by Nathaniel Wong

The electric vehicle (EV) industry is overcoming challenges in order to improve the process of the charging network of EVs. Trust and security of electric vehicle-to-grid systems and hardware supply chains, was published in the Reliability Engineering & System Safety journal. It addresses the cybersecurity vulnerabilities of the EV charging grid by providing research and development to mitigate supply chain and EV charging cyber-attacks, and to advance the adoption of EV charging.

This report was a collaboration between Negin Moghadasi, Andrew Koch, Thomas L. Polmateer, and James H. Lambert, all of the Department of Engineering Systems and Environment, University of Virginia; David L. Slutzky, Department of Engineering and Society, University of Virginia; Zachary A. Collier, Department of Management, Radford University; and Mark C. Manasco, CCALS’ President and Executive Director. Slutzky is also president of Fermata Energy, and both Polmateer and Lambert are members of the Center for Hardware and Embedded Systems Security and Trust (CHEST). CHEST and the National Science Foundation also supported the study.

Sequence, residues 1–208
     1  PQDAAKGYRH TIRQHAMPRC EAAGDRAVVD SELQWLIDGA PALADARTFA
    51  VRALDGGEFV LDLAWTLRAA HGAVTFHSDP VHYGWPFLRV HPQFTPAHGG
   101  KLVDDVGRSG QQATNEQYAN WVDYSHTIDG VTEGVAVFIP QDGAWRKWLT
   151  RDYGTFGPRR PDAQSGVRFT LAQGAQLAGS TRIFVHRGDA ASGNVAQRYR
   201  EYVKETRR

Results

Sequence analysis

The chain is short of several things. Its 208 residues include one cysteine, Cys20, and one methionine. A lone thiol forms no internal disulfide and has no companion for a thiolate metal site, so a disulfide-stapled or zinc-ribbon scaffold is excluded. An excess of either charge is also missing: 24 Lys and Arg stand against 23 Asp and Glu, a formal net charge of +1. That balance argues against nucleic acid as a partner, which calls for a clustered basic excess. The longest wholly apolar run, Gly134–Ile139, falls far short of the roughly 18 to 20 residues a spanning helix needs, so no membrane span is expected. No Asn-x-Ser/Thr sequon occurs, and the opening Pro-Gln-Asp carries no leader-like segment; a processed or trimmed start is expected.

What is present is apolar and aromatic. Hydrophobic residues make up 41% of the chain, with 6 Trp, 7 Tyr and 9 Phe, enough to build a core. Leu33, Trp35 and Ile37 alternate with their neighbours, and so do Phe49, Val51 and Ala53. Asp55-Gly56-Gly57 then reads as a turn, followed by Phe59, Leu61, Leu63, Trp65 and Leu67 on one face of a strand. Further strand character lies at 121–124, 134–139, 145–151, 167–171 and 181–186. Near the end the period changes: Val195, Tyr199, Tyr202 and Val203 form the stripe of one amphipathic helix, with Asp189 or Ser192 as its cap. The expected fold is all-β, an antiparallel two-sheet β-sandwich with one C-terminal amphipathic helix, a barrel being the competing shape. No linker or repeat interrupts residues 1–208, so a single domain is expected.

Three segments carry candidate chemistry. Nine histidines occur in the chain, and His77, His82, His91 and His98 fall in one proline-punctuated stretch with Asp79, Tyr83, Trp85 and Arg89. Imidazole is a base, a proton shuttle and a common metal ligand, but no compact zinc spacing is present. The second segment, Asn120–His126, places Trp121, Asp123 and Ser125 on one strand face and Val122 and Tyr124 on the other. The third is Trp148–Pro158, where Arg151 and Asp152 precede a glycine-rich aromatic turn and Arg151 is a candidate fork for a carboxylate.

The work provides a framework to solve the most complex security challenges facing EV chargers and their network. The cybersecurity threats discussed in the paper include the supply chains and the operations of the embedded hardware devices for the vehicle-to-grid (V2G) infrastructure, vehicle charging stations, and network communications.

The paper has considered hybrid cybersecurity threats to the interests of system owners, operators, and users, addressing scenario-based preferences for rapidly advancing technologies.

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